The Obama administration unveiled on Thursday a “blueprint” for confronting the global AIDS epidemic that includes as one of its goals targeting populations that are most vulnerable to HIV/AIDS — including men who have sex with men.
Secretary of State Hillary Clinton touted the plan during a ceremony at the State Department as a tool to achieve the vision of an “AIDS-free generation” that she previously articulated a year ago.
“Now, make no mistake about it: HIV may well be with us into the future,” Clinton said. “But the disease that it causes need not be. We can reach a point where virtually no children are born with the virus, and as these children become teenagers and adults, they are at a far lower risk of becoming infected than they are today. And if they do acquire HIV, they have access to treatment that helps prevent them from not only from developing AIDS, but from passing the virus on to others.”
The blueprint seeks to advance the President’s Emergency Plan for AIDS Relief, which was started under former President George W. Bush. Among the five goals listed in the blueprint is “going where the virus is” to seek out populations that are most at-risk for contracting HIV/AIDS, including people who inject drugs, sex workers, those trafficked into prostitution — as well as men who have sex with men.
The plan offers statistics on the prevalence of HIV/AIDS infection in the LGBT community overseas:
In certain studies, HIV prevalence among MSM has been found to be as high as 25% in Ghana, 30% in Jamaica, 43% in coastal Kenya and 25% in Thailand. Among transgender people, HIV prevalence is thought to be even higher. Data presented at the 2008 International AIDS Conference in Mexico showed HIV prevalence of over 25% among transgender people in three Latin American countries and prevalence ranging from 10% to 42% in five Asian countries.
Other goals outlined within the blueprint are boosting prevention and treatment through methods such as condom distribution and male circumcision; promoting sustainability, efficiency and effectiveness, such as through the distribution of generic drugs; encouraging financial contributions from other countries facing the HIV/AIDS epidemic; and employing science-based efforts to guide efforts.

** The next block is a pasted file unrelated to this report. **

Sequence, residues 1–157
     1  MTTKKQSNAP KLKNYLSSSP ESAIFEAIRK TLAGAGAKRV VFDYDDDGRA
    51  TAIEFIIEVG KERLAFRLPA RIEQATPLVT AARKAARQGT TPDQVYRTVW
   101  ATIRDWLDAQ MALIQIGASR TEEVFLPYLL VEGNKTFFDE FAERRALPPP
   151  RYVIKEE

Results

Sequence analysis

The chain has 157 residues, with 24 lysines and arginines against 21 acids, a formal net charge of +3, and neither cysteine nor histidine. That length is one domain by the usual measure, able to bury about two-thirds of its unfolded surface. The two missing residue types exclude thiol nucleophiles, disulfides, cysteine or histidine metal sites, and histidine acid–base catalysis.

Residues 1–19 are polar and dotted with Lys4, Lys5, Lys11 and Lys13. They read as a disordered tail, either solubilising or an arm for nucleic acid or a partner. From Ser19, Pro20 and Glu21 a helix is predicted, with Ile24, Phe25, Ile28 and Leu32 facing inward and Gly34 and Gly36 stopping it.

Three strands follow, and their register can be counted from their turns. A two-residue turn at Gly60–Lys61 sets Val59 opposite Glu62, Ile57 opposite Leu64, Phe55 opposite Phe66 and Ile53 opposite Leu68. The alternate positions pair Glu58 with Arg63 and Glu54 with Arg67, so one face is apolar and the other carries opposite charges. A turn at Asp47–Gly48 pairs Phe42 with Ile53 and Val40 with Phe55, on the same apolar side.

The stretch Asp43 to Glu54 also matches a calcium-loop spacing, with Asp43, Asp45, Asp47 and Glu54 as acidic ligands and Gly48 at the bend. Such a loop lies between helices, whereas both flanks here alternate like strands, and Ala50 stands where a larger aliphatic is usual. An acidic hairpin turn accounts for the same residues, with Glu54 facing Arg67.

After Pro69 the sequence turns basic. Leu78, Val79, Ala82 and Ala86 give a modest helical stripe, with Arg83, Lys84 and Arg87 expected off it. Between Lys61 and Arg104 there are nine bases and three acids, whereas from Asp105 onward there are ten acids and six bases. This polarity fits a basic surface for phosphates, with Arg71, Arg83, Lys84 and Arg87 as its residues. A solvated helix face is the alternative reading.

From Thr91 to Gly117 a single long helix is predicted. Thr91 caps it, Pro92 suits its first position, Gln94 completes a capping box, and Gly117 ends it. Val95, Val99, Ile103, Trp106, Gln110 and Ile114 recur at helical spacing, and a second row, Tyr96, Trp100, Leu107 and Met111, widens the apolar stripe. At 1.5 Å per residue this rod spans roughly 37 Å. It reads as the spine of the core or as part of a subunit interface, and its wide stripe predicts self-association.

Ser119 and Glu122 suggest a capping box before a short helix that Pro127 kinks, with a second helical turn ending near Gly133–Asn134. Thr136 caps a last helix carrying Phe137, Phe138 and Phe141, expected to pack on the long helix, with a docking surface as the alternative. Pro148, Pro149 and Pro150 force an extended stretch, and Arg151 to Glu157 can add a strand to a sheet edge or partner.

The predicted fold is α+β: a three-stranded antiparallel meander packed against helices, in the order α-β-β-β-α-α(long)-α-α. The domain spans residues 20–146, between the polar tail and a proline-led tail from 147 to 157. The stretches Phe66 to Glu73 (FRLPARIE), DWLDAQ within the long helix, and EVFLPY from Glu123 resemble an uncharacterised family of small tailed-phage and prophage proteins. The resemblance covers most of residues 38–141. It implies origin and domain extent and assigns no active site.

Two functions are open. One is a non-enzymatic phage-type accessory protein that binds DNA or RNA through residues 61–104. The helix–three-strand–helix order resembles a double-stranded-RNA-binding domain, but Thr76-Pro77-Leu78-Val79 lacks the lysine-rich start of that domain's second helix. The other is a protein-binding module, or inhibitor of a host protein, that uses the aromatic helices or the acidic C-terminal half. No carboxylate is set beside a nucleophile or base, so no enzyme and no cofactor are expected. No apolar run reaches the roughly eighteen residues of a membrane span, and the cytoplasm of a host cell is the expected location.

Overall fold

During the 19th International AIDS Conference in July in D.C., Clinton announced she had directed U.S. Global AIDS Coordinator Eric Goosby to develop the “blueprint” in time for World AIDS Day this year.
HIV/AIDS experts had varying reactions to the plan, although generally they were pleased that the U.S. government is taking an additional step forward in confronting the global epidemic.
Kenneth Mayer, co-chair of the IDSA Center for Global Health Policy’s Scientific Advisory Committee, praised the study for including concrete data to illustrate what must be done to achieve an “AIDS-free generation.”
“We are especially encouraged that the blueprint provides concrete numbers in affected countries to illustrate the work that must be done to reach a tipping point, when the numbers of people becoming infected with HIV are surpassed by the numbers receiving life-saving medicine,” Mayer said.
But Michael Weinstein, president of AIDS Healthcare Foundation, called the blueprint “mostly more talk and spin by the Obama administration” in the way it handles the epidemic.
“There are some generic pledges in the plan to scale-up testing and treatment, but the blueprint does not offer concrete plans of how we will actually get there,” Weinstein said.
Among the issues cited by Weinstein is a pledge to “work toward the elimination of new HIV infections among children by 2015 and keeping their mothers alive” without providing details on how to get there and having no plan for drug pricing.
Nonetheless, Clinton said during her address that she expects the blueprint to serve as a starting point for future U.S. leaders in their efforts against the epidemic.
“So with this blueprint, I firmly believe we have laid out a plan that every American president and secretary and Congress will want to build on,” Clinton said. “And I urge other countries to develop their own blueprints, because to reach an AIDS-free generation, we have to keep moving forward.”